The Evolution Of Video Telematics
Years ago, keeping track of your fleet of vehicles meant relying on CB radios and having no further connection to your drivers and cargo beyond the echo of voices between white noise and beeps. Skip forward a good few years and GPS became the game-changer that assisted companies in having more control over what their drivers were doing and keeping an eye on their routes. However, none of these innovations could ever hold a candle to what we have at our disposal today in the form of video telematics.
Thanks to fleet dashcam technology, companies of all sizes can meticulously manage the logistics of fleets en masse with equal amounts of ease as they would if they were operating a handful of vehicles.
Let’s take a look at the timeline of how video telematics has evolved since its inception.
The First Video Telematics Systems
The very first video telematics systems didn’t offer the real-time access we have today. Instead, they were video-recorded footage that managers could request at a later stage. This was on the off chance they wanted to track a specific event that happened to a transport vehicle.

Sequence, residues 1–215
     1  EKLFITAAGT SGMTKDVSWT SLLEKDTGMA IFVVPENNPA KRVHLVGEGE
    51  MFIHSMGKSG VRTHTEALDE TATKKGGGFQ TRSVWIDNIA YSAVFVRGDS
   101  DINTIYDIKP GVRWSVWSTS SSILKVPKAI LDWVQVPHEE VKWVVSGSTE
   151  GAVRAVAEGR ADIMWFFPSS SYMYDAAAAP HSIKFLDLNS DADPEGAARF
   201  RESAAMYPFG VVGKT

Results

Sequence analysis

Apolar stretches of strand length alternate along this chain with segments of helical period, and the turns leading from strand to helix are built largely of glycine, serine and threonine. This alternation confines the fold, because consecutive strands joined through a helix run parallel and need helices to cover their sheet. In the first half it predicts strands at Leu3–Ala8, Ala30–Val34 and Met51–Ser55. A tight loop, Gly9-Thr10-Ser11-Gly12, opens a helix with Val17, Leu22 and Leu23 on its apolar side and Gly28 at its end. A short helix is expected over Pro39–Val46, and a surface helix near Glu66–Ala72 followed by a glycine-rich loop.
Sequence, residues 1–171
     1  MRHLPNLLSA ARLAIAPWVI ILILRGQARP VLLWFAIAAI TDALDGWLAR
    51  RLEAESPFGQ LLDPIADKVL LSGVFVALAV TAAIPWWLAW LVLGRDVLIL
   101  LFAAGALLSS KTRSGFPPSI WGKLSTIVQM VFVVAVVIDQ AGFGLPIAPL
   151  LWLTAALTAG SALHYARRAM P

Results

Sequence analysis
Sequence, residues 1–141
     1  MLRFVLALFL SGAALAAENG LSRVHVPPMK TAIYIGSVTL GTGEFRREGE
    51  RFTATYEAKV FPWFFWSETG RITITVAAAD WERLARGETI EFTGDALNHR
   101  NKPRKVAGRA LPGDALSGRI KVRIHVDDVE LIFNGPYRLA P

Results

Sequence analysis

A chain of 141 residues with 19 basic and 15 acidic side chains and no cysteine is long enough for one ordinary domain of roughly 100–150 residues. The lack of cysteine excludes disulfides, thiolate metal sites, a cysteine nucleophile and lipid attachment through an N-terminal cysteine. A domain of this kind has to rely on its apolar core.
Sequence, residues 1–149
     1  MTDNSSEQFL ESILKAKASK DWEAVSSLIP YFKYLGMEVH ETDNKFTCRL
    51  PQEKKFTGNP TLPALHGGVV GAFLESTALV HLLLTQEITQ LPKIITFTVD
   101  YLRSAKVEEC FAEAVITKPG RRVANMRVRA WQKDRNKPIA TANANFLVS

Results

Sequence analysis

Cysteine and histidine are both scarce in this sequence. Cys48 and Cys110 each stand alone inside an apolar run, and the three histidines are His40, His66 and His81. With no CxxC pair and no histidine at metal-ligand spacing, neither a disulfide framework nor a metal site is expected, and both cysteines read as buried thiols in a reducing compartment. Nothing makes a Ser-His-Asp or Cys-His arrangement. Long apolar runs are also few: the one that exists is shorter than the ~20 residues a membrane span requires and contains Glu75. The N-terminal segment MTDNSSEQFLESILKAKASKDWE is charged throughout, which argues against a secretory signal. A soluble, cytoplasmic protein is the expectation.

This was primarily used in the case of accidents or claims against the company after an incident. They offered no direct interaction between fleet control and drivers and were virtually just security cameras for transport vehicles.
Later on, the technology advanced to the point where it automatically logged events that were out of the ordinary or not permitted. These included drivers braking too suddenly and were triggered by pre-set parameters programmed into the system.
Video Telematics Systems Today
Today, video telematics has evolved to become an essential and highly informative telematics system solution. With modern video telematics, you can track your fleet in real-time, monitor your drivers through an in-cabin camera, and also provide drivers with crucial information. On-board cameras now also act as sensors that can detect approaching dangers and send a warning if the driver is distracted or a collision is likely to occur.
Fleet managers can be in constant contact with drivers and are also able to closely monitor driver behaviour, which is hugely beneficial when it comes to driver performance evaluations.
With the explosive surge of video telematics and the significant edge they give companies over less technologically advanced competitors, don’t you think it’s time to get to the front of the pack by upgrading your fleet tracking technology?
Get in touch with Autocam today and keep better track of your fleet.